The decorative, colourful and fantastical housing spaces created by Hundertwasser are outside the architectural traditions of post-war social housing schemes borne out of a modernist dogma. In particular, Hundertwasser presents himself and his work as the antithesis of modernist architectural ideology, and is specifically opposed to the functional and rationalist position on housing. It must be noted however, that Hundertwasser’s anti-modernist criticism is mainly levelled at the non-ornamentation promoted by Adolf Loos, with a generalised reference to Le Corbusier. There is a clear misunderstanding of Bauhaus thought on art and architecture, and other Modernist discourse. It is this misunderstanding, perhaps owing to mid to late Twentieth Century misrepresentation of Modernism in austere housing schemes, which leads Hundertwasser to call for greater ornamentation, colour and pattern in architecture. He believes the artist’s romanticism and vision can deliver a more aesthetically pleasing and healthier built environment for man and nature – art is to be a uniting force. Throughout his career Hundertwasser produced a series of manifestos through which he promoted his own architectural agenda embracing ornamentation, applied art, colour, organic forms, pattern, individualism, irregularity, participation, an ecology, and craft.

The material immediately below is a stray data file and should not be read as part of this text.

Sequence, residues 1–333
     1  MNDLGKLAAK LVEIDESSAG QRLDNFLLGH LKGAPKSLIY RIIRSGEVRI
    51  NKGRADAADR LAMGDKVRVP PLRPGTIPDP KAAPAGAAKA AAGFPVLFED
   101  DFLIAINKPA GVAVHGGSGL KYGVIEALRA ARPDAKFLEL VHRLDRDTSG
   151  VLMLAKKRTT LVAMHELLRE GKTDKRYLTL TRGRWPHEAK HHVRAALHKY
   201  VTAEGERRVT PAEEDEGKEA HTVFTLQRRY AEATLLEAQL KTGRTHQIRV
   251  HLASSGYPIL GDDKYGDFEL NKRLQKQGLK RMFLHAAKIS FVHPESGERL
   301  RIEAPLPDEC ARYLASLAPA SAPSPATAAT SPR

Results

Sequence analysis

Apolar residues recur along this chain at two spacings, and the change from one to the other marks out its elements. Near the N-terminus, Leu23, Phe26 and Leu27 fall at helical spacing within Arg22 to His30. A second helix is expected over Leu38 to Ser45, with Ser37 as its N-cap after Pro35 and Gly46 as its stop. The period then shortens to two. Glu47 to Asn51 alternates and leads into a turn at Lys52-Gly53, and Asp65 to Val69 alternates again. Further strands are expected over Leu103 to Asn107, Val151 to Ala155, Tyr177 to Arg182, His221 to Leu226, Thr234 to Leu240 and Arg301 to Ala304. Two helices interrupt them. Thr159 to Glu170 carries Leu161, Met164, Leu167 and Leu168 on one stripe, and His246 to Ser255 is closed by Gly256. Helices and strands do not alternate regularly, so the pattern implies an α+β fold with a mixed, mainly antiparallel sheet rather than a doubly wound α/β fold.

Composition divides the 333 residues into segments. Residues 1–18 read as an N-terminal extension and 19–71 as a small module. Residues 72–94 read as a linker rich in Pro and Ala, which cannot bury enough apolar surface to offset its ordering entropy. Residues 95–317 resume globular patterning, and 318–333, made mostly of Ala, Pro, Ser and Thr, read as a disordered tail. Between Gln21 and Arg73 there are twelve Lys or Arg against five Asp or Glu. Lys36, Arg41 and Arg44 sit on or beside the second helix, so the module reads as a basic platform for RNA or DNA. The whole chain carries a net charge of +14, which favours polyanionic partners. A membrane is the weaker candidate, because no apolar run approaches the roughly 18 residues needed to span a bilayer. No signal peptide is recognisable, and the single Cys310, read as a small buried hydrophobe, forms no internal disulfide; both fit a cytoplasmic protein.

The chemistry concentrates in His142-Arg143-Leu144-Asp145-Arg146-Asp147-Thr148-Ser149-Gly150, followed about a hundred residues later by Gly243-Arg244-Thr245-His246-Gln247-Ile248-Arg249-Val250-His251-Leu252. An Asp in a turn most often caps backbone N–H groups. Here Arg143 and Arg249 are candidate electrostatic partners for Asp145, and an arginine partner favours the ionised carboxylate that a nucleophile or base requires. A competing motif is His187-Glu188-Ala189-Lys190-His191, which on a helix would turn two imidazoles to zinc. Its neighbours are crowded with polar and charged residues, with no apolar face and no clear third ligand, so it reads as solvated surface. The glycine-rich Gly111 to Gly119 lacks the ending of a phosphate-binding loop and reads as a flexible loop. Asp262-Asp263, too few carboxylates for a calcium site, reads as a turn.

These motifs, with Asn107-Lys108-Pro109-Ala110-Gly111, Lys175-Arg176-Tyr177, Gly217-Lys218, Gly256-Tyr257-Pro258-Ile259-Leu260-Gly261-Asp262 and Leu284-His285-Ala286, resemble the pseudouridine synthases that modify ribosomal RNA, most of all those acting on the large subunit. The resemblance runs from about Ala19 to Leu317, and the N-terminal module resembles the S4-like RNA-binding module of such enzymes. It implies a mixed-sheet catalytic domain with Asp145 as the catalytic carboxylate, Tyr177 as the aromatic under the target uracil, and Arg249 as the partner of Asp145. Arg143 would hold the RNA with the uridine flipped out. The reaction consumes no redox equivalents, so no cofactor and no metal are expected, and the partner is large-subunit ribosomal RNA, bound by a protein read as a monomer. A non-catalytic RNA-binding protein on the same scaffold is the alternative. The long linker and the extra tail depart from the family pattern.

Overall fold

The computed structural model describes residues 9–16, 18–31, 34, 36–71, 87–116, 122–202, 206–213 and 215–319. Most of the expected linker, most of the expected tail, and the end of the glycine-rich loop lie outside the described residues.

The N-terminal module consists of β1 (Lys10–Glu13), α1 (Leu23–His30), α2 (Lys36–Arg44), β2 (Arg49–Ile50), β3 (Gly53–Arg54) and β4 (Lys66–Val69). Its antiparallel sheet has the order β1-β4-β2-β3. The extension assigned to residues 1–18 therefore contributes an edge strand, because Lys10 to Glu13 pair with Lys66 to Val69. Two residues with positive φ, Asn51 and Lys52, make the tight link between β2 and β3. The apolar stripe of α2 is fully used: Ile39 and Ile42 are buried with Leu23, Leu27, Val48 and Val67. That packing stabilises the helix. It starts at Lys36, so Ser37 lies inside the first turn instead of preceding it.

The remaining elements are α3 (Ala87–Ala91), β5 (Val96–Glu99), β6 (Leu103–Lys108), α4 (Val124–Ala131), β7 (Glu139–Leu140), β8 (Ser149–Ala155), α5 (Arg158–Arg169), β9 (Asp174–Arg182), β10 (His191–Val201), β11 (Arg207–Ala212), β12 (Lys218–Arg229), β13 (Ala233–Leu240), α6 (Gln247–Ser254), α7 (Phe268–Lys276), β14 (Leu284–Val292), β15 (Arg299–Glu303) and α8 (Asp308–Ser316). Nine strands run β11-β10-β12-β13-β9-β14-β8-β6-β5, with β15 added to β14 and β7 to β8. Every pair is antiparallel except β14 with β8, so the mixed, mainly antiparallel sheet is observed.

A criticism levelled at Hundertwasser is that of his childlike naiveté and ‘primitivism’ in both his artistic forms and utopian ideology. However, although some may consider Hunderwasser’s art ineffectively translates into adult urban environments other critics have commented on the appeal of the artist’s structures to adults and children alike for providing good family spaces and housing. Interestingly, Hundertwasser’s agenda has a far more sombre foundation than ‘child-art’. As Austrian Jews, many relatives from his mother’s family were deported and executed in the Nazi concentration camps, with the remainder of the family having to go into hiding. In order to avoid discovery of the family’s Jewish heritage, as a young child Hundertwasser was enrolled for a short time into the Nazi Youth. Hundertwasser’s art and Fantastic architecture should thus be assessed as an expression of freedom against artistic, political and social standardisation – the type he and his family, and Austria and Germany as a whole, experienced during Nazi occupation. In particular, architecture is viewed by Hundertwasser as a manifestation of national identity, with the ‘house’ playing a significant role in the development and expression of individual self identity. The house, along with the body, clothing, environment and country, contributes to the ‘five-skin identity’ of any individual. How we interact with these five ‘skins’ determines our life experiences and personal happiness and satisfaction. However, given Hundertwasser’s own nationalistic attitudes and embracement of folk symbolism, there is an uneasy correlation between this nostalgic position and rejection of Modernism, and Nazi ideology.